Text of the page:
Right, physics time:
we could probably relate this almost directly to the vehicle's contact surface with the ground and it's weight (not mass; here weight is Fz=m*g)
While Giels equation is correct the classic form is W = m*g, where g is approximately 9.81 on the Earths surface.
Unless Warzone is going to implement wind (of varying strengths and directions) I do not think aerodynamics will do much for Warzone -- a car may weigh 1,200kg, a tank on the other hand, while larger in volume (and surface area) will probably weigh closer to 60,000kg. Since it is not 50 times larger in its surface area and probably goes slower than the car resistance due to drag is going to be a lot lower in proportion to its weight.
Friction between the tracks and the ground however, will be an issue. The equation for this (assuming the object is moving) is F = mu*R, where F is the frictional force in Newtons, mu is the coefficient of friction (normally between 0 and 1) and R is the normal reaction force. So long as there are no external forces acting in the vertical direction (e.g. strings) R = m*g. mu can be worked out for difference surfaces by experimentation (seeing how much force is required to get a smooth block on known mass to move horizontally).
Right, now onto energy and work done. The set of equations you want are: E = 1/2*m*v^2 = Fs. E is the energy in Joules which is equal to half times the mass (in Kg) times the velocity in ms^-1 (metres per second). Notice the squared term, this basically means that to increase your speed from 2ms^-1 to 4ms^-1 takes 4 times as much energy. This is also equal to the Force applied to the object times the change in distance. How does this fit into Warzone? Well we can give each engine an energy output and then using that in combination with the mass of the unit work out its maximum velocity.
Next stop: projectile motion. Everything when dropped from a height on the Earth (so long as it is not too high) accelerates at the same rate in free-fall, that rate is refereed to as g and is about 9.81ms^-2. What does this mean? If I dropped a block of lead and a block of wood (of equal surface area/volume) both would hit the ground at the same time.
A classical example of this is with the monkey and the hunter. A monkey is sitting atop a tree, when a hunter, who has climbed up a neighbouring tree decides to shoot the monkey. The monkey however has lighting quick reflexes and so as soon as the shot leaves the barrel of the hunters gun he lets go of the branch he was holding onto. The question is, what happens to the monkey? Sadly for the monkey the laws of physics are not on his side as the bullet drops at the same rate as the monkey falls, so regardless of the distance between the hunter and the monkey (so long as neither get a chance to hit the ground) the monkey gets hit.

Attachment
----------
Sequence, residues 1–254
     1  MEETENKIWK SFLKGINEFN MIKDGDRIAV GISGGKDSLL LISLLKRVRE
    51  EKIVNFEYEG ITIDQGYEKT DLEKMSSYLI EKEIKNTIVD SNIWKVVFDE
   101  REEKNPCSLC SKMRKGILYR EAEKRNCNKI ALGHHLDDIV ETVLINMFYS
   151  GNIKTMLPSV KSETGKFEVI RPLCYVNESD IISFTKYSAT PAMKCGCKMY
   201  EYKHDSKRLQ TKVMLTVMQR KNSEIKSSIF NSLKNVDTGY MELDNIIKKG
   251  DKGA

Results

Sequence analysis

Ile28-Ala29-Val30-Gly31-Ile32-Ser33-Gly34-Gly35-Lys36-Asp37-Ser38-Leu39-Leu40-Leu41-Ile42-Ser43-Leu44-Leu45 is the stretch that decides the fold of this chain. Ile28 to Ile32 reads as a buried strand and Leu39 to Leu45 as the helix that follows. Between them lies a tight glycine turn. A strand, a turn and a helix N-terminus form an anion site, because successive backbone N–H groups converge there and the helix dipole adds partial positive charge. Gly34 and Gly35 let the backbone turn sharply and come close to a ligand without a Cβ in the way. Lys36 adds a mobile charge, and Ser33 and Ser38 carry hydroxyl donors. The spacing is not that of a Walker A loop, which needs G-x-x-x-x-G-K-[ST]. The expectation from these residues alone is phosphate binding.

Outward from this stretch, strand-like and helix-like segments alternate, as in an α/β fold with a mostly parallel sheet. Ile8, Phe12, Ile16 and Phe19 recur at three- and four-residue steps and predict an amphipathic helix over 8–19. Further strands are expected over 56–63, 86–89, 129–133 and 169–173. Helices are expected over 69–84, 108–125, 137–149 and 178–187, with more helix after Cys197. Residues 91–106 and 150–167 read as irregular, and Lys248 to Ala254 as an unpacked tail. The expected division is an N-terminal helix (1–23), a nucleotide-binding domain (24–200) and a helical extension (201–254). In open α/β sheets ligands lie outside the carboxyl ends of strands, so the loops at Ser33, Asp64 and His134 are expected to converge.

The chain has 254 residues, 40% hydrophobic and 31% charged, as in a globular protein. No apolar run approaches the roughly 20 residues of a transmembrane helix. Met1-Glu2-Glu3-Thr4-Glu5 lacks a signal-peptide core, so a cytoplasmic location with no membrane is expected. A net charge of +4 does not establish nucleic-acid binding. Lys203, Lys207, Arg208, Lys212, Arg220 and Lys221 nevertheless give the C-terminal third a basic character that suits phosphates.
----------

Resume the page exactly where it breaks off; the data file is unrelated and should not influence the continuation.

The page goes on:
Projectile motion tends to use the following three equations (which are actually the equations of motion, which have many uses). These are:
- v = u + at
- v^2 = u^2 + 2as
- s = ut + 0.5at^2
- u = initial velocity, in ms^-1
- v = final velocity, in ms^-1
- a = acceleration, in ms^-2
- t = time, in seconds
- s = distance travelled, in metres
By making the following assumptions about a projectile (lets say a golf ball):
- The motion is parabolic (so it makes an arc)
- Air resistance is negligible
It is possible to work out how far the golf ball will travel. Todo this we need to take the horizontal and vertical components of the golf balls motion and work with them individually.
Lets assume that a golf ball is hit by a golf club and begins to travel at an angle 45 degrees to the horizontal at a speed of 10ms^-1. Using this we can work out where it will land like so:
In the vertical direction:
u = 10 * sin(45) (remember trigonometry)
s = 0 (the motion is parabolic so in overall the vertical component does not change as we land at the same height we started at)
t = ?
v = ?
a = -9.81ms^-2 (we are going against gravity).
By placing what we know into s = ut + 0.5at^2 we get: 0 = 10 * sin(45) * t - 4.905t^2. Factoring t yields: t * (10 * sin(45) - 4.905t) = 0. So therefore t equals either:
- t = 0
- 10 * sin(45) - 4.905t = 0 => 4.905t = 10 * sin(45) => t = (10 * sin(45)) / 4.905 => 2.883s
We now have the time!
Since there is no air resistance there is also no acceleration in the horizontal direction (Newtons first law). So since a = 0; we get: s = ut. Now we know the time of the flight and so all we need is the velocity:
u = 10 * cos(45)
Giving us: s = 2.883 * 10 * cos(45) = 20.39m. So our projectile will take 2.883 seconds to reach its final destination and will travel 20m in the horizontal direction. Using these equations we can do accurate projectiles in Warzone.